We had our last official District Meeting before transfer day.  Word went out to the Elders and Sisters today about tomorrow’s transfers.  We love these young missionaries and hate to see any of them go.   We are especially sad to hear that Sister Biddulph (from Idaho Fallsl) will be leaving!  She is a sweetheart!  She will be going to Porto Alegre.  We will also miss Sister Gurreri (from Argentina).  Two of the Elders, Elder dos Santos (from Brazil) and Elder da Silva (from Brazil) will be leaving as well.  We will miss them!  It will be interesting to see who comes in.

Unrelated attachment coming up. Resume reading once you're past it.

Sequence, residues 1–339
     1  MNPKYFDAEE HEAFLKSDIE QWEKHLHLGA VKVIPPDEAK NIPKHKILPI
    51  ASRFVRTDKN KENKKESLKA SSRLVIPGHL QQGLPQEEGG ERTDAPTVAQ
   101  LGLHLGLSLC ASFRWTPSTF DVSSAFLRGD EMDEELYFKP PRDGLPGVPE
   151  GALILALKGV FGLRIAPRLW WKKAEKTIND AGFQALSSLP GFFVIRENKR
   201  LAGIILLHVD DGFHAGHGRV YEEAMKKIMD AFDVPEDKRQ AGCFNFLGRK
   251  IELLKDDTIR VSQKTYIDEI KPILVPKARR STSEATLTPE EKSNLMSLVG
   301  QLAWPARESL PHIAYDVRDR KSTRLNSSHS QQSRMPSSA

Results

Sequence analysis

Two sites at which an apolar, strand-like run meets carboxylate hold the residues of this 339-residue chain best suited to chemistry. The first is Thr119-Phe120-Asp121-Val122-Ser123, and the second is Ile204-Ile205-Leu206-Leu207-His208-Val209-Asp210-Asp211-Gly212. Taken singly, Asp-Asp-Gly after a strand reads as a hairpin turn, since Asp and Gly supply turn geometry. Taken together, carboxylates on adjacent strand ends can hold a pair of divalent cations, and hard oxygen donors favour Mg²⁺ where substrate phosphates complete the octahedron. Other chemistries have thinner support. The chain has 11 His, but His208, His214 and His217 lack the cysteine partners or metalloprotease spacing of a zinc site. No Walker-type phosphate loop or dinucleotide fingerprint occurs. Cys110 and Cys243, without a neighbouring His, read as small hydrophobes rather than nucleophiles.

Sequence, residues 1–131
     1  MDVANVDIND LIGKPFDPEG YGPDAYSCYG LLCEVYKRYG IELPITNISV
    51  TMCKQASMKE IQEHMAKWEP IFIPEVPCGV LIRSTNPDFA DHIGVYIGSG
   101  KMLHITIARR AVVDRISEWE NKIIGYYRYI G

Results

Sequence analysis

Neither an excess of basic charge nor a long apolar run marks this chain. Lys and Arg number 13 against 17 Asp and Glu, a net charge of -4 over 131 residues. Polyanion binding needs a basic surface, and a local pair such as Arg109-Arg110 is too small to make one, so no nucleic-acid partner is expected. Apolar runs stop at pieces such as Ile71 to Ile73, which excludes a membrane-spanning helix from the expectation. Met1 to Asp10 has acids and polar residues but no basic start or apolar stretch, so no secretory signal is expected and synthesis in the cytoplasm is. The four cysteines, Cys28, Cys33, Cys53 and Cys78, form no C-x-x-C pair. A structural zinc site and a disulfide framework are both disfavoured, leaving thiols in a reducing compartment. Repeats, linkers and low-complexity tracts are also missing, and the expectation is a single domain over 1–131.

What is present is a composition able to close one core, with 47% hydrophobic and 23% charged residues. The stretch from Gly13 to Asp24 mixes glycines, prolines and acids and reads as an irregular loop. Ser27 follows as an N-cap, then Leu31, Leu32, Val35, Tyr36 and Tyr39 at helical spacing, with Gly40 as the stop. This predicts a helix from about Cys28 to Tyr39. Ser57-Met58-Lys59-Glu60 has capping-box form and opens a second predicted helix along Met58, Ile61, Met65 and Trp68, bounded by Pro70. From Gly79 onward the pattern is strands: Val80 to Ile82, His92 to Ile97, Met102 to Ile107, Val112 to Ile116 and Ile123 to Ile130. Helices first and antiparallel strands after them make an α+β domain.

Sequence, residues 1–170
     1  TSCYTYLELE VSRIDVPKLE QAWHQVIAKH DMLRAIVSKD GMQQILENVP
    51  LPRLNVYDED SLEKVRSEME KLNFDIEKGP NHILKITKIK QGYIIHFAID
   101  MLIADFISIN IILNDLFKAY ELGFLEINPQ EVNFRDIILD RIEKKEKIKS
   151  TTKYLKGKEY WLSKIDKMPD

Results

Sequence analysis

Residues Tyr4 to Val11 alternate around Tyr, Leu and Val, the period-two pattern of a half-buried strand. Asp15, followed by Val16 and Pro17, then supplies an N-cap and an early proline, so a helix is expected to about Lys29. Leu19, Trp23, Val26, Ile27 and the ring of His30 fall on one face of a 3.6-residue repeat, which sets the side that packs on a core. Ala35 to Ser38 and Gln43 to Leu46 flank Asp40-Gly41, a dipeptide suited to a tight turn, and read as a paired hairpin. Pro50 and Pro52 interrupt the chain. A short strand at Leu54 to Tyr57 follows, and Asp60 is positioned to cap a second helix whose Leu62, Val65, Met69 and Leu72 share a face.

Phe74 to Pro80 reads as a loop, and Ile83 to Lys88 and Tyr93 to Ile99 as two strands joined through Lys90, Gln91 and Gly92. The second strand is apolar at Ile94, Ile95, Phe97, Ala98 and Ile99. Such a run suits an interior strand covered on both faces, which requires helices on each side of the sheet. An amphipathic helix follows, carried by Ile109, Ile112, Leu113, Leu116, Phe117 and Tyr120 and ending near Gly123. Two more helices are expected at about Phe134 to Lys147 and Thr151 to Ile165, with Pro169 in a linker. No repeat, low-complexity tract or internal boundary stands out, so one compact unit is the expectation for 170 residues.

English class was good.  We have a new student.  He works at Delta Sul with Lucas.  His name is Nilson and he is engaged.  He is a sharp guy and already knows a lot of English.  He is anxious to learn more.  After class, he asked for a copy of the Bible in English.  We have put in an order to the mission office for a Bible and a Book of Mormon each in English.  In fact, we hope to get several for other class members as well.  We had a great class.  We enjoyed church videos in both languages, games, and music.  We try to get variety for them.  We found a good church video by Elder D. Todd Christofferson about the Bible first being translated into English, called “The Blessing of the Scriptures”.  We think that now would be a good time to show that in class.